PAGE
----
Over the month of August, Daniel Collings, the manager of University Mall Theatres, in Fairfax, Virginia, ran a Kickstarter to raise $100,000 for new seats. The old ones were ripped, torn, and some were beat up so bad they had solid holes in the middle. I’m talking big enough to fall through, big. Thankfully for Collings, backers met his goal and raised over $30,000 extra for the “Save Our Butts” campaign, an aptly named double entendre. Collings wanted to give viewers a better movie-going experience, but the cost of replacing 500 seats proved too far out of his budget.
The entire University mall, which is located just across from the Fairfax, Virginia, campus of George Mason University, had been under construction for some time prior to his plea. The theater lost a lot of revenue because of the construction work, which blocked off the sidewalk leading to the theater and took up parking spaces. Collings tried his hand at Kickstarter to even out his losses, offering backers a chance to pledge anywhere from $1 to $10,000 (no one, it is assumed, pledged more than $1,000).
I visited the theater Saturday, February 7, shortly after receiving Kickstarter rewards for a humble $50 pledge. As you can see, things are still very much in progress at the theater; as you walk in, you get the sense the Kickstarter was really needed. To the right are water fountains covered by plastic bags, and to the left is the old entrance, which is inaccessible. Right of the blocked off old entrance you’ll find a welcome mat and the ticket counter.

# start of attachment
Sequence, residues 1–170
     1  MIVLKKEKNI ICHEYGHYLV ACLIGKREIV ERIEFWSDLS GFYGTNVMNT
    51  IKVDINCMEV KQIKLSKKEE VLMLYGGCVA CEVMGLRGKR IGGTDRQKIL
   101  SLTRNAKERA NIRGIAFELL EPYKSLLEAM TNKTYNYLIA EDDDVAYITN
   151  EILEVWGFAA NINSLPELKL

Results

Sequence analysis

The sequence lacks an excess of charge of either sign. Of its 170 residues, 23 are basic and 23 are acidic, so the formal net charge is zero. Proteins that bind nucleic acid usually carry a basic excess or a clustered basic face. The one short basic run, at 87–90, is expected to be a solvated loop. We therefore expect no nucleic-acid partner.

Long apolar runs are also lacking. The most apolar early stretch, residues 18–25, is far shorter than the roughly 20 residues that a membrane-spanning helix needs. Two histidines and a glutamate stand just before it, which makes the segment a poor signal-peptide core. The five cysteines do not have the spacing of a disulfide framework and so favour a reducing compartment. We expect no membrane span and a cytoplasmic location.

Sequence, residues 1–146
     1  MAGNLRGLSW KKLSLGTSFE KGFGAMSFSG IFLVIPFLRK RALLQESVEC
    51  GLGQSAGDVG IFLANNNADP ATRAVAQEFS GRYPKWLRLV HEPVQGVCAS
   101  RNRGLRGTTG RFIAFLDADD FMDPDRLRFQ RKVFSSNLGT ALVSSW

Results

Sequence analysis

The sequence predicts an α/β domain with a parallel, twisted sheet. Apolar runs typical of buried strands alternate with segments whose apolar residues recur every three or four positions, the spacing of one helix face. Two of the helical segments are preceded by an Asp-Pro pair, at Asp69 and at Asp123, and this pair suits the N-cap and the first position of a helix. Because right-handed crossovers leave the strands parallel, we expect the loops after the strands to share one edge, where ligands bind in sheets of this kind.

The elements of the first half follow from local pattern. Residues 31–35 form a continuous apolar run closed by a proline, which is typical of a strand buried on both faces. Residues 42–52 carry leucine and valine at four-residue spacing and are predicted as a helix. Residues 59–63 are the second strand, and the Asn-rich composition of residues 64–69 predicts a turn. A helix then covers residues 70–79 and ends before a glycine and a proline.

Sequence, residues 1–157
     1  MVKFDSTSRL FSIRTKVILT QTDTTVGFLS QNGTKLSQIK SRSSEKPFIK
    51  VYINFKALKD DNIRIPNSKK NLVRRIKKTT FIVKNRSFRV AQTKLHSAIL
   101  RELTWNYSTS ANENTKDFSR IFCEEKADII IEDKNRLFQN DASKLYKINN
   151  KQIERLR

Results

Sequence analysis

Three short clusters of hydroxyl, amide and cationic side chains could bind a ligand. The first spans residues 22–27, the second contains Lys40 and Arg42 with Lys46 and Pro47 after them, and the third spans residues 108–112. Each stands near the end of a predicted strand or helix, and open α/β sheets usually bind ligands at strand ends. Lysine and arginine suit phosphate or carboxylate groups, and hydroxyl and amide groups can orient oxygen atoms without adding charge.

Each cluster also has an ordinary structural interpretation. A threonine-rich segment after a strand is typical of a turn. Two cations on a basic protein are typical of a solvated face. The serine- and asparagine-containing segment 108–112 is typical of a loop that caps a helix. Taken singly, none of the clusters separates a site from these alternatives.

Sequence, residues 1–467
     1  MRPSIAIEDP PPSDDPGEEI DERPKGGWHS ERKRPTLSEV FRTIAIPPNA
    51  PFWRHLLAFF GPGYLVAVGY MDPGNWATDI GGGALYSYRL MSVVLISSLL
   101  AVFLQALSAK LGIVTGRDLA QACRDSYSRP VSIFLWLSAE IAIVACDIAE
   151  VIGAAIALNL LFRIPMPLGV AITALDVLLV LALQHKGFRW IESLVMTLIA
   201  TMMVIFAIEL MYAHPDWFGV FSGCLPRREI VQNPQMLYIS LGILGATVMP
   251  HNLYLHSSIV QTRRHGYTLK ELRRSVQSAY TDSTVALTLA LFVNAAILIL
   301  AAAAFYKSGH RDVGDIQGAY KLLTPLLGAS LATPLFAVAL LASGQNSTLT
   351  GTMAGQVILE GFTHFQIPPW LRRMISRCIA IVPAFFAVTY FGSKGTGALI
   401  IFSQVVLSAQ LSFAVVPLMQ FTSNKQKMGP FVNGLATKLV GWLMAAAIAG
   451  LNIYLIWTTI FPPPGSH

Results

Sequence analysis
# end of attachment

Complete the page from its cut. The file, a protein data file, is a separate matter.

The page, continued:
This theater, if you are not familiar, plays films that are not often left playing at bigger venues, except for the case in which Oscars buzz brings a film back. It’s a nice alternative if you miss something, but single-showing movies really fill up, especially on the weekend. I went to see Interstellar on the advice of my friend Anne, who saw the Oscar-nominated film back around when it made its first run at the bigger venues. I arrived at 7:35 p.m. and had to sit six rows back from the front at that time. By the 8:00 p.m. showing, the entire 16-row theater was full. Keep that in mind whether you go on Tuesday, for $2 movies, or on the weekend (more on prices later).
So how were the seats? They were actually quite comfortable, and nice. There’s still popcorn and sticky stuff on the floor, and the bannister leading down to the theater was broken, but it’s progress. Maybe Collings will run a “Save Our Balance” Kickstarter in the summer?
When a movie starts up, all 2,705 backers are proudly displayed. I believe they’ll do that for the rest of this calendar year. It’s nearly impossible, however, to make out your own name, even on the big screen (don’t even try with the linked video). When you look, consider the list is alphabetized. You’ll also notice a nice neon EXIT sign, in the enhanced, blurry picture that follows.